The impact of quick response in inventory-based competition
We propose a multi-period extension of the competitive newsvendor model of Lippman and McCardle (1997) to investigate the impact of quick response under competition. For this purpose, we consider two retailers that compete in terms of inventory: customers that face a stockout at their first-choice store will look for the product at the other store. Consequently, the total demand that each retailer faces depends on the competitor's inventory level. We allow for asymmetric reordering capabilities, and we are particularly interested in the case when one of the firms has a lower ordering cost but can only produce at the beginning of the selling season, whereas the second firm has higher costs but can replenish stock in a quick response manner taking advantage of any incremental knowledge about demand (if it is available). We visualize this problem as the competition between a traditional make-to-stock retailer that builds up inventory before the season starts versus a retailer with a responsive supply chain that can react to early demand information. We provide conditions for this game to have a unique pure-strategy subgame-perfect equilibrium, which then allows us to perform numerical comparative statics. Our results confirm in a competitive setting the intuitive fact that quick response is more beneficial when demand uncertainty is higher, or exhibits a higher correlation over time. Finally, we find that part of the competitive advantage from quick response arises from the asymmetry in response capabilities.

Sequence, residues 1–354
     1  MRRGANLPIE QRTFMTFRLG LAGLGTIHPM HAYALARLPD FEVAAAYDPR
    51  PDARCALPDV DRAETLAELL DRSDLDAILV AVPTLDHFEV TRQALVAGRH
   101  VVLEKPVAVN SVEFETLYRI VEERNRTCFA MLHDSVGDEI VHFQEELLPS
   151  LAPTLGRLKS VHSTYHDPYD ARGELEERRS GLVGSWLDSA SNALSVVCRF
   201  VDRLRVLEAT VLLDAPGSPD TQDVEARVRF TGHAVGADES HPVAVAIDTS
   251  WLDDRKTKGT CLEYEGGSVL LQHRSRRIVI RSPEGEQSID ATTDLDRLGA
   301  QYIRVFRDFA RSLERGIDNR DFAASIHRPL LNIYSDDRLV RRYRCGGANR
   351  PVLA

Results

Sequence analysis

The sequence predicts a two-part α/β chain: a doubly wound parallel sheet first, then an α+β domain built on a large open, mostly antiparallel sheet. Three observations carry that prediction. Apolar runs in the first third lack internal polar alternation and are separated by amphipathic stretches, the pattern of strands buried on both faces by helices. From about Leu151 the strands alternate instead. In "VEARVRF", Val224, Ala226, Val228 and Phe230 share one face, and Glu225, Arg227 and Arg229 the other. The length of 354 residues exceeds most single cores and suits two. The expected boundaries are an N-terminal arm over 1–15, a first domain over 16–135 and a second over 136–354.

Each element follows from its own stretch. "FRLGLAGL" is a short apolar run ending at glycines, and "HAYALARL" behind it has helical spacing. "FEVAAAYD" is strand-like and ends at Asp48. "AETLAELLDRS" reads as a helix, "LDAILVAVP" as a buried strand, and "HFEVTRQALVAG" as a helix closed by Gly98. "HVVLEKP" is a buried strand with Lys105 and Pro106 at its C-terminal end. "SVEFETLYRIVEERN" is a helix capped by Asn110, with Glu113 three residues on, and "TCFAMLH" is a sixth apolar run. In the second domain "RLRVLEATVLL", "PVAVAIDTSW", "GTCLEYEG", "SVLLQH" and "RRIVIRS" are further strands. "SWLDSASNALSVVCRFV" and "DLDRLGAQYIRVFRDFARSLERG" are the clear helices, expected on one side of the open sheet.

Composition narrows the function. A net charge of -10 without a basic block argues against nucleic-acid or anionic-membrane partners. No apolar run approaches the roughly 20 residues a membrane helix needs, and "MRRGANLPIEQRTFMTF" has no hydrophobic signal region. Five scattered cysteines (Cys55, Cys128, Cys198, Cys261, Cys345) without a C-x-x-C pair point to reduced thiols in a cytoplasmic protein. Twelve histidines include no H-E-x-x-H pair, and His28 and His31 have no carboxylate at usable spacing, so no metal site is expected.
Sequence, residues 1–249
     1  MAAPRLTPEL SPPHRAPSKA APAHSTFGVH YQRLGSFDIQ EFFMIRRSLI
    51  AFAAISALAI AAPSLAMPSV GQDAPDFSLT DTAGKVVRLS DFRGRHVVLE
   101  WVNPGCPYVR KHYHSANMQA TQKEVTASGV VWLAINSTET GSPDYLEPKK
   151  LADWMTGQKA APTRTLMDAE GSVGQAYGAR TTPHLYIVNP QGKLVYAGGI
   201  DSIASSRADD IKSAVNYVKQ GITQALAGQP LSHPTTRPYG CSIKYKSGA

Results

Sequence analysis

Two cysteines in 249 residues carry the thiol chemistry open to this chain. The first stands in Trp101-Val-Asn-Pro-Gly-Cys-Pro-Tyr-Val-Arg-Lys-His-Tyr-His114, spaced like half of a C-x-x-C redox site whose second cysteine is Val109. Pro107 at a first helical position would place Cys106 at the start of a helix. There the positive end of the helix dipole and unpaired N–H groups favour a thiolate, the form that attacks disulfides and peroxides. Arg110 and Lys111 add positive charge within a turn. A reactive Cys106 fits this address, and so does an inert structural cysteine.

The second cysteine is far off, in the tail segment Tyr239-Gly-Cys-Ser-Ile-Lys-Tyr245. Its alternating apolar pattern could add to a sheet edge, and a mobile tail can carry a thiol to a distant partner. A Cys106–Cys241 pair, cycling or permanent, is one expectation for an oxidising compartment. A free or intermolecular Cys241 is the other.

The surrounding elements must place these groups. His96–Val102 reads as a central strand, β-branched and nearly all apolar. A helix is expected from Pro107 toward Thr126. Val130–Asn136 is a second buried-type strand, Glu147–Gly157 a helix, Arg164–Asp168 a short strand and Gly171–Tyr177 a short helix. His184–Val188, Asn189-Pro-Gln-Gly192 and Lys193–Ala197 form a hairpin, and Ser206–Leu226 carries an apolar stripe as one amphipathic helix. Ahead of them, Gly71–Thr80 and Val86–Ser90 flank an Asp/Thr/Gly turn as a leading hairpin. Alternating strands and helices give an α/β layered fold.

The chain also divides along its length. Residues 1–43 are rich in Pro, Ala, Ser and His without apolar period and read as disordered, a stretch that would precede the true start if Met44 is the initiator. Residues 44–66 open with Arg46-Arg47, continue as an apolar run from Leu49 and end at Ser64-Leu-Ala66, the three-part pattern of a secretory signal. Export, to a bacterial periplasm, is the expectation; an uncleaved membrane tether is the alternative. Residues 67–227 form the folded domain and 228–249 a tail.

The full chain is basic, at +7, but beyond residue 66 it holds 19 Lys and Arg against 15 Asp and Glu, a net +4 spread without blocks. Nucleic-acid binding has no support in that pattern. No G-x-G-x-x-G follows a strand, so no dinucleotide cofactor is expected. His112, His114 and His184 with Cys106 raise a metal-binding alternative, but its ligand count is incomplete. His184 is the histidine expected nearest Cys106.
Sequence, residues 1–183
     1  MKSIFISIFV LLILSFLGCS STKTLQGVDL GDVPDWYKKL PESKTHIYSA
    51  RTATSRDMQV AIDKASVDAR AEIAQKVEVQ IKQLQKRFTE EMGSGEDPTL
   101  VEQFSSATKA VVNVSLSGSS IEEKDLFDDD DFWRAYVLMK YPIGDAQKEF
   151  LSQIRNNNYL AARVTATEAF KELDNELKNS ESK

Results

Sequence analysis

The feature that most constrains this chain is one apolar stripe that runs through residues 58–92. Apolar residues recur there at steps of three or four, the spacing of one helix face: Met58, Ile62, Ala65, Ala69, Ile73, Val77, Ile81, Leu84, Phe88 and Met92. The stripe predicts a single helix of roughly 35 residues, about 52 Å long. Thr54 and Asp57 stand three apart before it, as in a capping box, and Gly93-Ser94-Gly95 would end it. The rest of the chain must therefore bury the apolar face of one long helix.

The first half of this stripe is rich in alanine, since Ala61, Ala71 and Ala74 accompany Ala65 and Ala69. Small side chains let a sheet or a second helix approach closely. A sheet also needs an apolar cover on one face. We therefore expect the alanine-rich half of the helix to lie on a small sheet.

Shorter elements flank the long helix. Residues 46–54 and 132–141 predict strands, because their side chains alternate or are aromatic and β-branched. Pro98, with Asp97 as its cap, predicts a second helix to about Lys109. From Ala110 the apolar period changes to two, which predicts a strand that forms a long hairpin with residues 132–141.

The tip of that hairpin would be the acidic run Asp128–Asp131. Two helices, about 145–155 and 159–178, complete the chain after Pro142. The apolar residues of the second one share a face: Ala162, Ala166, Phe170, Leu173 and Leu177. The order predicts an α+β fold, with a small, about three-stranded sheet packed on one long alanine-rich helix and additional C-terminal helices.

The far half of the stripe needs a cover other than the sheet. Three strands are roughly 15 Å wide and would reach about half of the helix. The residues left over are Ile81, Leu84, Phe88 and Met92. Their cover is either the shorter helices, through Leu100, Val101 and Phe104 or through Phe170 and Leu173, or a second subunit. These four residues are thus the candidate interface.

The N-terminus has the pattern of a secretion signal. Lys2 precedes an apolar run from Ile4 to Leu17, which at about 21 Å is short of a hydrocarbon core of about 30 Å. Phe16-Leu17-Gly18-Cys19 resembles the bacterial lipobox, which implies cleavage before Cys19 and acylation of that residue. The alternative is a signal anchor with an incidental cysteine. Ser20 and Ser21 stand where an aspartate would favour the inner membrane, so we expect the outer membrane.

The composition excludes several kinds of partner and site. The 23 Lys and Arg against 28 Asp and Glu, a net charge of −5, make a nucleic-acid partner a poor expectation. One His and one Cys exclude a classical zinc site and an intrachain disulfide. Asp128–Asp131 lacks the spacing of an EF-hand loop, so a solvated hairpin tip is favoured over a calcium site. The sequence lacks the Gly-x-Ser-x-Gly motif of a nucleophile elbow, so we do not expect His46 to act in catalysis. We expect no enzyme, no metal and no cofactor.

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- Bagnoli, M. & Bergstrom, T., 1989.
"Log-Concave Probability And Its Applications,"
89-23, Michigan - Center for Research on Economic & Social Theory.
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